CONTENTS:- Preface; 1. Promotion of higher education in research; 2. Will education go to market; 3. Corporate ambitions in education; 4. Private education: The Poor's Best Chance; 5. For a broader approach to education; 6. Wiring up the ivory towers; 7. Population growth and education; 8. Violence in schools: A World Wide Affair; 9. Helping your child learn; 10. Beyond economics; 11. Population growth and jobs; 12. Employment and poverty alleviation; 13. Solving the unemployment problem by looking beyond the job; 14. Technological entrepreneurship: The New Force for Economic Growth.; 15. Challenging traditional economic growth; 16. Can economic growth reduce poverty; 17. High world trade growth vs. output: WTO Sees Link to Globalisation; 18. What's driving migration; 19. Income gap widens; 20. Policy researchers and policy makers: Never the Twain Shall Meet; 21. Crisis prevention: Can Better Development Planning Lessen the Toll of Civil Emergencies and Natural Disasters; 22. Money alone is not enough: Technology Transfer and Environmental Protection; 23. Population growth and income; 24. Taxation system in developing countries; 25. Population growth and housing; 26. Opening markets for agriculture; 27. Is copyright on the wrong track; 28. For a fair sharing of time; 29. Richer or poorer;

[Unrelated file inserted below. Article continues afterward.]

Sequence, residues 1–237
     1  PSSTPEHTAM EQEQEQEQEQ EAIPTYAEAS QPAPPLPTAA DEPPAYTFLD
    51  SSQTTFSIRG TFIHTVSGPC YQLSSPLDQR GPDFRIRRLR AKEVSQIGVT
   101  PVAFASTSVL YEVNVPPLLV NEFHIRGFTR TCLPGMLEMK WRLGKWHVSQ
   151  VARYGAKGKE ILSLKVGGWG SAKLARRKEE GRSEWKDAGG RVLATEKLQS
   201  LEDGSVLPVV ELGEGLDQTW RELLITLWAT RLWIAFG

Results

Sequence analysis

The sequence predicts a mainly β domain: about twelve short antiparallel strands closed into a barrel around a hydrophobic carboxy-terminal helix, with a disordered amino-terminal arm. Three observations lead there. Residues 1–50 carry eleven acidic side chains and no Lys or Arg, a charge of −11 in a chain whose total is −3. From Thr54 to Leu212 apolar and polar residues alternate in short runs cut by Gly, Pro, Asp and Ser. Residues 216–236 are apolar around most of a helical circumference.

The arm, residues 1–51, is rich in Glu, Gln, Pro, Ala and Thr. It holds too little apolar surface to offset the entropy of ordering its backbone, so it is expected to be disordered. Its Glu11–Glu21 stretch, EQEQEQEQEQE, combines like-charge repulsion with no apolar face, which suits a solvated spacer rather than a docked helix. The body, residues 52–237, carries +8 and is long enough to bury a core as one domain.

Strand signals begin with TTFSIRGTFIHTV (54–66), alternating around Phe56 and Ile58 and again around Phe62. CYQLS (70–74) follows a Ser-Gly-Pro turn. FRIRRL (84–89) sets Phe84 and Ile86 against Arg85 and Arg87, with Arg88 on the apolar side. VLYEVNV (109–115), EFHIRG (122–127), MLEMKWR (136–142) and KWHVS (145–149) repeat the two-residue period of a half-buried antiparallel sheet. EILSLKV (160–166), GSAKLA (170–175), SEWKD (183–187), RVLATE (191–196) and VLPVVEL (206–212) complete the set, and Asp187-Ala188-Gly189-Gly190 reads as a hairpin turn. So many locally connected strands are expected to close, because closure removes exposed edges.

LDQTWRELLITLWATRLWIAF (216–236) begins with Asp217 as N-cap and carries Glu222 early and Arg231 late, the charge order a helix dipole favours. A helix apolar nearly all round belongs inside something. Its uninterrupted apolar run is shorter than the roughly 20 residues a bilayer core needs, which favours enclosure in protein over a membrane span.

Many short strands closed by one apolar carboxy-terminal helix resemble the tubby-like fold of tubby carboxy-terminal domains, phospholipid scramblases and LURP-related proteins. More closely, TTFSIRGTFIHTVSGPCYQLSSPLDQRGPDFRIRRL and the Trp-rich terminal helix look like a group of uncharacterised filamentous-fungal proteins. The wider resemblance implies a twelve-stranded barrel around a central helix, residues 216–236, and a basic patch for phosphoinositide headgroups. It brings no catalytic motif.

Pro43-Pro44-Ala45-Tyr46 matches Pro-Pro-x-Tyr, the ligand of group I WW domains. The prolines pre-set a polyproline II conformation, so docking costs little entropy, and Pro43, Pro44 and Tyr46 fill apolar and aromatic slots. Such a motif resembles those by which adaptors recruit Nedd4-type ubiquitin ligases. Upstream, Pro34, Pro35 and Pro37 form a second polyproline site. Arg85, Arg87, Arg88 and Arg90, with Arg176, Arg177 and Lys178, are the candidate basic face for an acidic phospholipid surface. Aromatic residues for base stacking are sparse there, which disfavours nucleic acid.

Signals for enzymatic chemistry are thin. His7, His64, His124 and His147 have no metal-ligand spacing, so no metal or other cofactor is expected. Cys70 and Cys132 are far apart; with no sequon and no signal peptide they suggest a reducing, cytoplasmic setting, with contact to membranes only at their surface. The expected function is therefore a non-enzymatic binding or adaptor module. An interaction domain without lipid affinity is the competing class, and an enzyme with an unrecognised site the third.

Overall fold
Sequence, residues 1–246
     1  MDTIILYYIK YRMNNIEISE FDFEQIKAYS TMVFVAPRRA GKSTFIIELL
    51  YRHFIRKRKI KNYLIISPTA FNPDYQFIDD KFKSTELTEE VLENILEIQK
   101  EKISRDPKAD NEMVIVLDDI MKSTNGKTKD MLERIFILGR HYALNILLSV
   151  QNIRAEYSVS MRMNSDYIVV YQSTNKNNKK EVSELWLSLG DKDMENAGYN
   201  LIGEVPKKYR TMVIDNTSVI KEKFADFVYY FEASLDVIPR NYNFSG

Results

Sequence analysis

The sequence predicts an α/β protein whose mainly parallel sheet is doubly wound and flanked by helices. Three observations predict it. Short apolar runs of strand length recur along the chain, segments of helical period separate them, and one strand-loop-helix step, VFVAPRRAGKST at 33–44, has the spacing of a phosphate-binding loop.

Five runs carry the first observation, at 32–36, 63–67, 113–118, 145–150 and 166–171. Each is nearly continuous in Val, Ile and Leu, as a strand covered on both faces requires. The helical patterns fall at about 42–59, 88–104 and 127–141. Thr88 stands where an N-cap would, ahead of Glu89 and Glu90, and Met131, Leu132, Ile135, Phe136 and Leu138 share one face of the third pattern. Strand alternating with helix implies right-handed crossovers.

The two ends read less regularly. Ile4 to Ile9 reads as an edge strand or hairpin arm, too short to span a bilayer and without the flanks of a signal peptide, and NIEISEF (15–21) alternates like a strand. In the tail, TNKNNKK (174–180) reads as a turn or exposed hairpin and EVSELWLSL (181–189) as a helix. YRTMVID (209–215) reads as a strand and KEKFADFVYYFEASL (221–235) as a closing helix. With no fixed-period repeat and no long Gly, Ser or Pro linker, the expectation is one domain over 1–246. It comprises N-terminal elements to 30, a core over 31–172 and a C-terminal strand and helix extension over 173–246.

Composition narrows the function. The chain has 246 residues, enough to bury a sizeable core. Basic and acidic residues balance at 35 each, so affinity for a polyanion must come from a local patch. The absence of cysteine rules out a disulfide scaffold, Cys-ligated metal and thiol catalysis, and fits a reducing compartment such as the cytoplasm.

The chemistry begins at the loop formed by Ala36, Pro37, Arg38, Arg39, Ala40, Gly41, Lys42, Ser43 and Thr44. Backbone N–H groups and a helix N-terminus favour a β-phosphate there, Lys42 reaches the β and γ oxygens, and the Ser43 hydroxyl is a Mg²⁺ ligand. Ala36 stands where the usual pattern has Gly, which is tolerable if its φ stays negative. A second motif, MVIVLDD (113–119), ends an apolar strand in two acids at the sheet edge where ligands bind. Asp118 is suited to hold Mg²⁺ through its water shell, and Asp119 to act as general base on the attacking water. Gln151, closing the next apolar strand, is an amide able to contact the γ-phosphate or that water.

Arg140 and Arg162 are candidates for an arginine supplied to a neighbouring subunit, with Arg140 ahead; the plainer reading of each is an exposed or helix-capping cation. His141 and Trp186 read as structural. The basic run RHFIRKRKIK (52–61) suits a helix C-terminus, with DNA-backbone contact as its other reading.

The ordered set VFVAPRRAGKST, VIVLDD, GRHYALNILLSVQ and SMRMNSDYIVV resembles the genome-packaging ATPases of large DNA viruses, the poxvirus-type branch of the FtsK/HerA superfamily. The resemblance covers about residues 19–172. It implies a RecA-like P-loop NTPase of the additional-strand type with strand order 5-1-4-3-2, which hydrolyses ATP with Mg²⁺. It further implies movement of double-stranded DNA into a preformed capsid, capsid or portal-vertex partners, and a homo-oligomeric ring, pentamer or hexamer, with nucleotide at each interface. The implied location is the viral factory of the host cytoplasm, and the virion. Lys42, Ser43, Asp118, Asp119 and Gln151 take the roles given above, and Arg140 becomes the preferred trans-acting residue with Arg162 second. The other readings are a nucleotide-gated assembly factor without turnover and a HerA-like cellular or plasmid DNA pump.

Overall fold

In our rapidly changing world, literacy should be seen as an important evolutionary variable in every society. For the further a society progresses, the more it needs to adjust and adapt to new demands and pressures, so that literacy is lifelong necessity for all. Literacy, in the broad sense, is the foundation for life skills, ranging from basic oral and written communication to the ability to solve scientific and social problems. Today it involves much more than the acquisition of 3 Rs. and a limited set of traditional skills. It is linked with the changing demands of life in a given socio-cultural context. This means that local communities should be fully involved in defining the content of literacy programmes. The local dimension of literacy is extremely important, not only for accommodating the real needs of learners, but also for taking into account the linguistic and cultural realities of multicultural societies. For in the end, only the learners actually decide what they need to learn. Most literacy specialist have accepted this broader, more dynamic and culturally sensitive stance. It marks a long overdue acknowledgement of the positive role that local language and cultures can play in removing some of the serious pedagogical and psychological hurdles often encountered by learners, it is the only way to ensure the relevance and authority of literacy work. Any one can insist here on the importance of multilingual education. Today education is as much about learning to live together as learning to know, to do and to be. Yet we cannot live together if our possibilities of expression are limited to a single linguistic frame. This is often at the root of problems encountered in multicultural societies. Of course, inequality in all its forms is a major factor. But internal conflicts often have purely cultural causes. It is more difficult for people to forge links with each other when they cannot communicate linguistically. Yet children learn languages easily--much more so than the adults who take the decisions. We need to take much greater advantage of this fact. Children are expected to store too much information in their "hard memory"--much of it frankly useless! Giving them language skills provides them with bridges between cultures, enabling them to grow up without the debilitating sense that other cultures are lien. It is our ask to try to ensure that education at all levels, and particularly basis education, promotes multilingualism. And we must invest in such education, since to do so is to invest in peace.